American Contemporary Gallery, located in Manhattan’s Lower East Side, recently opened a new and riveting show, exhibiting paintings by artist Julia Goldman. The show, Magazine, presents a series of oil paintings by the artist, focusing on the themes of repetition and femininity. The paintings, each differing from the next ever so slightly, reveal images of women, obstructed or interrupted by other images of women, questioning stereotypes of women.
It is interesting, because I found that the work, while certainly prompting the viewer to investigate the power of repetition, more strongly speaks to feminism, and the history of both feminism and the female image. In a recent interview with ARTINFO, Goldman felt that calling her work feminist was “a stretch”, claiming that she primarily works with the subject of women because it is most familiar to her. While this is a fair statement, my reading of the work, calls forth rather brilliant comments on feminism and the female image, that I think Goldman should take more credit for.
To me the show was not just about the repeated image, but more about the evolution of female empowerment. While many of the pieces include the image of a woman being obstructed by a different image of a woman, in one of the pieces, the image of the woman is interrupted by a teakettle; perhaps symbolic of the stereotypes of women. The entire show in fact, had a sort of 1950’s feel to it: the clothing the women are clad in, the style of the women themselves. I cannot help but think that this reference to the 1950’s has to do with the rise of feminism, and is representative of a time in which women began to fight against these stereotypes and become working individuals in society rather than housewives. To me the entire show captures this so well: there is something eerie about the repeated image of the women, they seem more like mannequins than people, and they are trapped within the confines of the frame. But at the same time, the repetition and obstructions signal a certain desire to break free, to be an individual: to be different, amplified by the inclusion of flowerpots and plants in some of the pieces. There is a certain “tamed wildness”; a flower in a pot suggests something naturally wild but controlled and regulated by humans, reminiscent of the sentiment behind the rise of feminism. Both the women and the flowers in the pot seek to break free of the barriers in front of them. In many ways, the women become the flowers in the pot.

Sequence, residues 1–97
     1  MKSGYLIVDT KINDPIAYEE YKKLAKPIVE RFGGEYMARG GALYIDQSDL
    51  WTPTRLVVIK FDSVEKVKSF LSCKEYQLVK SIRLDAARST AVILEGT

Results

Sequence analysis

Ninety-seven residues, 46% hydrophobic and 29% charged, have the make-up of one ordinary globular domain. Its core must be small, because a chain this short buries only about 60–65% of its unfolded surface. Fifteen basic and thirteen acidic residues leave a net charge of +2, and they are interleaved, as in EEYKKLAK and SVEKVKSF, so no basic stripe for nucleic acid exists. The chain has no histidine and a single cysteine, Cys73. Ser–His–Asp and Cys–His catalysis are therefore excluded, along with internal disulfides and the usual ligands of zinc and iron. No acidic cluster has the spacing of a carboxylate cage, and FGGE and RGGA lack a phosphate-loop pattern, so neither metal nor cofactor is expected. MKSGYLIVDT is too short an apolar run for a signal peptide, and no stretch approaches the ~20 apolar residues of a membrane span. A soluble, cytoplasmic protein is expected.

Goldman makes clear that the use of repetition in image and theme is an integral to her show. The usage of a repetition leads me to propose some questions. Can the viewer more strongly grasp a subject when it is repeated again and again in a work? How does it make us view each image differently? Like in the work of Morandi, is the repeated theme more beneficial for the artist, to work on and perfect an understanding? Or is it equally important for the viewer to gain an understanding of the arts ideal?
The use of repetition and minor interruptions in each piece are comparable to glitch art, which is made by manipulating the digital code of an image so that it is slightly “off”. The interruptions of the female image in Goldman’s work become the “glitches” or minute “errors”, slightly changing the otherwise repeated image (or code). It may be an interesting twist to view the standard image that Goldman uses as a code, and the different interruptions that she makes, as glitches.
Overall, the show is definitely worth seeing. It is both unique and intriguing, as Goldman presents several important issues in her work. Just as Goldman’s work is intellectually captivating, the paintings also provide proof to Goldman’s talent as a painter, and each piece is truly, beautiful.
Words/Photos: Gracie Brahimy © 2013
Julia Goldman: 11 September – 20 October – American Contemporary Gallery 4 East 2nd Street at Bowery New York NY 10003